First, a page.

By Jawed Naqvi, Copy Edited By Adam Rizvi, The India Observer: IT wasn’t surprising in the end that the presiding officers of the two Houses of India’s parliament, both handpicked by Prime Minister Modi, suspended 146 opposition MPs en masse. This was unprecedented and worrisome for the troubled democracy. The MPs had hoped to ask layered and probing questions about a security breach at the Lok Sabha. Answering questions, however, is not Mr. Modi’s forte or that of his home minister. Mr. Modi openly relishes his reputation as India’s only prime minister who hasn’t held a press conference in 10 years.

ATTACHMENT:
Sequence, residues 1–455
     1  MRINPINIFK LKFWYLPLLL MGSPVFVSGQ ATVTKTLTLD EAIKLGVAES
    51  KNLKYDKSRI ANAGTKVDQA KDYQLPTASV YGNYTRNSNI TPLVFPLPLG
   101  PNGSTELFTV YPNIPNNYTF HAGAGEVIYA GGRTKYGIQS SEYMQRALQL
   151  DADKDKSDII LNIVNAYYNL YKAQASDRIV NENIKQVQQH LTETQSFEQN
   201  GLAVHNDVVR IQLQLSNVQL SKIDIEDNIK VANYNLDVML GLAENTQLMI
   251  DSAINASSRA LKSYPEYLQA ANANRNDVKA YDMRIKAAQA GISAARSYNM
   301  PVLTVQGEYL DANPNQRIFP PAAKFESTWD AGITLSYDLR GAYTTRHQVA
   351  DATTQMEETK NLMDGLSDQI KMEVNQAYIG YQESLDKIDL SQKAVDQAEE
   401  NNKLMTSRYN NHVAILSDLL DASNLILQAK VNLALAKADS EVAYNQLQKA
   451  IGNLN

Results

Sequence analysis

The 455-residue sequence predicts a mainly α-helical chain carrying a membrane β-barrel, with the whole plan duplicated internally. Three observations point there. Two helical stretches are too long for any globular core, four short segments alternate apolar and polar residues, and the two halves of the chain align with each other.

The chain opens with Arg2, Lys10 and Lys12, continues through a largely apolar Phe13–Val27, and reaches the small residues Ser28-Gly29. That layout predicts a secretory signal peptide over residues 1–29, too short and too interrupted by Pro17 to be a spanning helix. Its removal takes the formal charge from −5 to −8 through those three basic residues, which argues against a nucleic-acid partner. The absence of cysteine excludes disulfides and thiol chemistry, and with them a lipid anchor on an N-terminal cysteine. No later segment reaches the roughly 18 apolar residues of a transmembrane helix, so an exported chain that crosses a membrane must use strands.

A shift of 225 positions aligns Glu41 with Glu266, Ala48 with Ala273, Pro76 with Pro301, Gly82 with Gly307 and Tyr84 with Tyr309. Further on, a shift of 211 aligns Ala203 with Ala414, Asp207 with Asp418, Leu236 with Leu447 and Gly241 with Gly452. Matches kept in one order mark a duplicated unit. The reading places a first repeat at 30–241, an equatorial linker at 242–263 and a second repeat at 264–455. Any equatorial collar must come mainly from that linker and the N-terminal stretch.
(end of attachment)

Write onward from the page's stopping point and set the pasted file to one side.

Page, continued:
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The current crop of questions from the opposition pertains to the two men who jumped into the Lok Sabha from the visitors’ gallery. It was an unsavoury incident for the spanking new parliament house, which Mr. Modi had inaugurated with gaudy fanfare and mediaeval ritual. The intruders had shouted slogans about unemployment and galloping authoritarianism. In 2001, on the same day, Dec 13, in the old British-built parliament house, under another BJP government, an equally curious breach of security had occurred. It had led to a terrifying military stand-off with Pakistan. Major embassies in Delhi moved out their staff over fears of a nuclear exchange. It was as bad as that.